RDA for females 14+
Excellent Food Sources
Cooking: relatively stable in plant foods unless boiled then 10-30% loss.
310-360 mg/day

Pumpkin seeds (1/4 cup = 190mg), Dark leafy greens (1 cup = 150g), Quinoa (3/4 cup = 118g) Black beans (1 cup = 120g), Cashews & sunflower seeds (1/4 cup = 115g)

Cooking: relatively stable in both animal and plant foods with 10-20% loss if plant foods are boiled, sprouting improves bioavailability.
8-9 mg/day
Oysters (6 each = 33mg), Grass-fed Beef/lamb (4 oz fillet = 4 mg), Wheat germ (1 oz = 5mg), Spinach (1 cup cooked = 1.37mg), Asparagus (1 cup = 1mg)

Cooking: pretty stable in cooking of animal foods, but processed grains lose substantial amounts.
55 mcg/day
Brazil Nuts (2 each =155mcg), Halibut (3 oz = 47mcg), Grass-fed liver (3 oz = 28 mcg), Cottage cheese (1 cup = 20mcg), Egg (1 each = 15 mcg), Whole grains (1 cup cooked = 13 mcg)

Cooking: substantial loss in canned and/or processed foods.
400 mcg/day

Lentils (1 cup = 358 mcg), Grass-fed Beef liver (3 oz = 215mcg), Spinach (1/2 cup cooked = 131 mcg), Black-eyed peas (1/2 cup boiled = 105 mcg), Asparagus (4 spears = 89 mcg), Brussel sprouts (1/2 cup cooked = 78 mcg), Avocado (1/2 cup sliced, 59 mcg)
Vitamin B2
Cooking: light damages B2, but stable to heat and refrigeration.
1-1.1 mg/day

Grass-fed Cheese (1 oz = .39mg), Almonds (1 oz = .28mg), Grass-fed Beef & Lamb ( 3oz steak = .73mg), Wild Salmon (3oz =.45mg), Egg ( 1 each = .26mg), Mushrooms (1 cup sliced = .35mg), Leafy greens (1 cup = .42mg)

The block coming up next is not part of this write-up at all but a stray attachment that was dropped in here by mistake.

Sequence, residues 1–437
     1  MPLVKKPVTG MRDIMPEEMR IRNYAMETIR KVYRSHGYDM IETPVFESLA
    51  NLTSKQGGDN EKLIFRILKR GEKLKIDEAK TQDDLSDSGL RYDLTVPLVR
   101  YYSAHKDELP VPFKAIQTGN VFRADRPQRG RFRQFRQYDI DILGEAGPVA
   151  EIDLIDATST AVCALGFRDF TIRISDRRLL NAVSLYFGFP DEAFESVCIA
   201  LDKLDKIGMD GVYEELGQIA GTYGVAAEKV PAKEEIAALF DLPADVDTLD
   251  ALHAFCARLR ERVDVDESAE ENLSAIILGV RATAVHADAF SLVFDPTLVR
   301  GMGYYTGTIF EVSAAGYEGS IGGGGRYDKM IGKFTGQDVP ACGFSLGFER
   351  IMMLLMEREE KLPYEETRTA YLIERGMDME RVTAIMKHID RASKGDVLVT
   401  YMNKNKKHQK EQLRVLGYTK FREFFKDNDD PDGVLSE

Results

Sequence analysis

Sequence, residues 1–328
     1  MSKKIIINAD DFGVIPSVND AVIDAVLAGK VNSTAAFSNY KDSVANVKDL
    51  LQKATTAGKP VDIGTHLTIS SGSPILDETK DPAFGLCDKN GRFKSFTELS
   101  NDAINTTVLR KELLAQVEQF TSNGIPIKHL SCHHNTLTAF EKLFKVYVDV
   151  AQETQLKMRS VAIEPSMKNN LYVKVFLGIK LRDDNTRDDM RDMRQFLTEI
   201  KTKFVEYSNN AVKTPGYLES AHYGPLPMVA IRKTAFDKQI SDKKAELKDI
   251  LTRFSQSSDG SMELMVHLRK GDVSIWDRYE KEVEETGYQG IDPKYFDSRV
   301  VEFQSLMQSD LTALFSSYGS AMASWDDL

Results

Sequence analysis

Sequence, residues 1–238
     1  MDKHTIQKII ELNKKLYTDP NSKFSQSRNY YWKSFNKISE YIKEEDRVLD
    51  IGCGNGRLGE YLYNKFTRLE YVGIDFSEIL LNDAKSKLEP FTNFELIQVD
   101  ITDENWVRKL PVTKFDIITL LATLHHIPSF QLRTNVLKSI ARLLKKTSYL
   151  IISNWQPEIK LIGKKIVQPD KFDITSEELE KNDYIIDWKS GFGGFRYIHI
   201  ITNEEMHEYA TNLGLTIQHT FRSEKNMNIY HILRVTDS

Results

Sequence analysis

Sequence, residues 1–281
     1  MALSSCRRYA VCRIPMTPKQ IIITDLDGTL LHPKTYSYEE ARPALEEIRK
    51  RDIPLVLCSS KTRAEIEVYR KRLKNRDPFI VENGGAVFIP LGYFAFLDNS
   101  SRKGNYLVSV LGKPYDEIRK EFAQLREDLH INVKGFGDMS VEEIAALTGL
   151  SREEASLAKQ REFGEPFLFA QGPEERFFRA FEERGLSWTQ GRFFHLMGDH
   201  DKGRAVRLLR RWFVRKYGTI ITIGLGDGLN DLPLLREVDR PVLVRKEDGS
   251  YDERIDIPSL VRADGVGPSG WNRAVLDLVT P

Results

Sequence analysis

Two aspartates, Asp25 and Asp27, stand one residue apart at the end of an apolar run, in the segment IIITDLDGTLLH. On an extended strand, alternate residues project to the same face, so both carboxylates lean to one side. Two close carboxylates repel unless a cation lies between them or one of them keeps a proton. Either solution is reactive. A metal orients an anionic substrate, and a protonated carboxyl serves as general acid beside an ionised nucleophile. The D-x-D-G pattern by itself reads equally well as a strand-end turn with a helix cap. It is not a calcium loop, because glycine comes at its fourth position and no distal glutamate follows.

Vitamin B6
Cooking: prolonged exposure to heat can degrade B6 in most foods.
1.2-1.5 mg/day

Chickpeas (1 cup = 1.1mg), Liver (3oz = .9mg), Wild Salmon (3oz = .6), Sweet Potato (1 cup =.57mg), Banana (1 med = .43), Leafy greens (1 cup = .20 mg)

Vitamin B12
Cooking: boiling foods may reduce up to 50%.
2.4 mcg/day

Clams (3 oz =84.1mcg), Grass-fed Liver (3oz =70.7mcg), Salmon ( 3oz = 4.8 mcg), Grass-fed Beef (3 oz = 1.4 mcg) Milk (1 cup = 1.2 mcg), Yogurt (0.9mcg), Egg (1 each, 0.6 mcg)

Reference: (4-6)

Quinoa and kale patties and a beet berry smoothie.

Although one can supplement to help replete deficiencies, I highly recommend that dietary choices need to follow as well. Aim to add the foods found in the “Excellent Food Sources” category to a whole foods diet to best support your overall health while taking oral contraceptives. Since oral contraceptives have shown to reduce the above mentioned vitamins and minerals, the RDA may actually be higher for women taking oral contraceptives than for the general healthy female. Remember food is fuel and food is medicine. Opting for nutrient dense whole foods will help your body function optimally.

To get you started here are two recipes which taste wonderfully together! The Spiced Quinoa and Kale patties are a great recipe to make on the weekend and have for the remainder of the week. They are easy to reheat in the microwave and even taste good cold. I love to add them to a salad, or topped with cooked greens and a fried egg for breakfast. Sometimes I eat a single patty as a quick snack. Plus the Berry Beet Smoothie just tastes so good that I have a glass or two almost every day—my body CRAVES it. So just for a little nutritional breakdown 2 patties and 1 serving of the smoothie will get you at least 30% if not more of each of the above mentioned nutrients. Isn’t tasty food just great??! I think so! 

Spiced Quinoa & Kale Patties
Makes about 10 patties

1 cup dry quinoa (I used ½ red and ½ white)
½ teaspoon sea salt
1 2/3 cups water
¾ cup gluten-free rolled oats
1 tablespoon Spanish paprika (smoked paprika)